¶ 16 As CBU correctly argues, the truncated time frame between the challenged decision of December 10, 2012, and the end of the wolf hunting season on February 28, 2013, “rendered it impossible for Plaintiffs to obtain a judgment on the merits prior to the end of the season.” Given the short timeframe involved, the TRO and preliminary injunction were the only forms of relief that Plaintiffs could hope to receive. Like the plaintiffs in Havre Daily News, CBU successfully obtained “the very relief it sought to procure through litigation” for the pertinent time period. Havre Daily News, ¶ 44. The preliminary injunction barred FWP from implementing the early closure of the wolf hunting season, and produced the same result as a final judgment setting aside or voiding the decision under §§ 2–3–114 or 2–3–213, MCA.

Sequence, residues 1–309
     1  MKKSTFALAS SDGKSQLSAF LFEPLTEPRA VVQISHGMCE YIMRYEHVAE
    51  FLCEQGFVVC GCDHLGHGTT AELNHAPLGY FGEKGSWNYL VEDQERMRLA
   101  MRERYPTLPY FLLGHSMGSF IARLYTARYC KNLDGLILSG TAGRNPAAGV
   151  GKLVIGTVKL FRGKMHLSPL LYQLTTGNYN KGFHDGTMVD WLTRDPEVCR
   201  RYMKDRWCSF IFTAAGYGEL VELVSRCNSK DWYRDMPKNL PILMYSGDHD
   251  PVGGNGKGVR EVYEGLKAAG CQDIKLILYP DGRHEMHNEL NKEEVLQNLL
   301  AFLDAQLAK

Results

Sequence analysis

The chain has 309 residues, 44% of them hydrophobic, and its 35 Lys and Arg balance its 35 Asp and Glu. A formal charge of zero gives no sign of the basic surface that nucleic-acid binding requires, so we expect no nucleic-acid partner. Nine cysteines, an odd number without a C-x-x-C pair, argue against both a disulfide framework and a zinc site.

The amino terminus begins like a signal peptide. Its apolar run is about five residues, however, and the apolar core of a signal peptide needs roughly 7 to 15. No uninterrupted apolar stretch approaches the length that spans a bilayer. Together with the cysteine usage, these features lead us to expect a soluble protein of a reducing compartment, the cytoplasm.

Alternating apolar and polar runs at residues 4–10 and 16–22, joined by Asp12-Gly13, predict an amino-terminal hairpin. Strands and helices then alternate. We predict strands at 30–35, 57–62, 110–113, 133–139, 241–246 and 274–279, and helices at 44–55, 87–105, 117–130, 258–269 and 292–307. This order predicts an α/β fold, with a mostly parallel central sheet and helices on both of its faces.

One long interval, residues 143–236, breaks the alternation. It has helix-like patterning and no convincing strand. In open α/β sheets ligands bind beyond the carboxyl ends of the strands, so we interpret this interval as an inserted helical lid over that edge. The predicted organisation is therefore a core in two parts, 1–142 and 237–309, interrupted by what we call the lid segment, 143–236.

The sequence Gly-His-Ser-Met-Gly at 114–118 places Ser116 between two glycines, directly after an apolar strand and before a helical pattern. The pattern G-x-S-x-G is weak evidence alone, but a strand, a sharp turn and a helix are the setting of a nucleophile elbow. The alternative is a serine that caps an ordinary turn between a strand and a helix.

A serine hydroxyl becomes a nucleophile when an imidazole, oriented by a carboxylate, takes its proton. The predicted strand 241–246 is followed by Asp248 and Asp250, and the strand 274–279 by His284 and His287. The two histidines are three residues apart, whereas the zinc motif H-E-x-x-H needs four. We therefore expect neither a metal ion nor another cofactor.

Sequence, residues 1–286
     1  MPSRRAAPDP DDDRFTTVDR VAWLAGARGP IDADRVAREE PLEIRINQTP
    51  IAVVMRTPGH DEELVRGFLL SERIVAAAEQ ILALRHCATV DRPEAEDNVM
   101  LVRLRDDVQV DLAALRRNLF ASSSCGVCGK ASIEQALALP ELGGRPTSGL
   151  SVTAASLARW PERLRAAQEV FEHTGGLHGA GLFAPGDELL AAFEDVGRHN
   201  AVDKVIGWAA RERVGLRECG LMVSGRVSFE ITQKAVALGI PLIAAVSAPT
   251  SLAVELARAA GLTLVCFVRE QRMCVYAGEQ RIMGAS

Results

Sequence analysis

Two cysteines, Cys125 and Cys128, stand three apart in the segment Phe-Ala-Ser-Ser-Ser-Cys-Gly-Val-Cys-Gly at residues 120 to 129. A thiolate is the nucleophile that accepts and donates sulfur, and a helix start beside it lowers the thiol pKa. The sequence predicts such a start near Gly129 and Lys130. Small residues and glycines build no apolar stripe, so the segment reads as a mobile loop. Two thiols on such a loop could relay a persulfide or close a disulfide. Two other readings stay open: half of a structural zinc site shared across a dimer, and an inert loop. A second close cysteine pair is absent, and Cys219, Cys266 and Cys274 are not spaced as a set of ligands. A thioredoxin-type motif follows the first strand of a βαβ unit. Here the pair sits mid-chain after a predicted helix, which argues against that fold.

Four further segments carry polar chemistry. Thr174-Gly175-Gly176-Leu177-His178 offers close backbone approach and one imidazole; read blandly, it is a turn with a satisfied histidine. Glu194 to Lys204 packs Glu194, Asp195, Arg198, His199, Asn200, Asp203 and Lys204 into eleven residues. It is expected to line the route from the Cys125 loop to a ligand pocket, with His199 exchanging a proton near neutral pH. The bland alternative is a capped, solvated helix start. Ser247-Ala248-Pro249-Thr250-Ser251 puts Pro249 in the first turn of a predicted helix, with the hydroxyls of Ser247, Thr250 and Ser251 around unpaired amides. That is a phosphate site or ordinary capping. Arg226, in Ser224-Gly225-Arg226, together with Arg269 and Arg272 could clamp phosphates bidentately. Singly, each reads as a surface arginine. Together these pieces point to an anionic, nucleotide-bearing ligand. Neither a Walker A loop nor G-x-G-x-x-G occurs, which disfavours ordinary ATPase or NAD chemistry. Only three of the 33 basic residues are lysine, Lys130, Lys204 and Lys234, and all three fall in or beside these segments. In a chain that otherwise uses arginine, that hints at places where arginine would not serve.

¶ 17 The facts of this case are distinguishable from Dreyer. There, we concluded that the underlying controversy had not been mooted by the passage of time and should be remanded for a full trial on the merits. We explained that the “findings of facts, conclusions of law and judgment of the District Court awarding attorney fees was premature.” Dreyer, 193 Mont. at 101, 630 P.2d at 229. In contrast, here, there is no underlying controversy to litigate on the merits. The wolf hunting season has already expired and § 87–1–304(7), MCA, prevents FWP from making these types of closures in the future. The District Court's order awarding attorney's fees and costs was not premature. CBU obtained the relief it sought to procure through litigation and must be considered a “prevailing party” under § 2–3–221, MCA.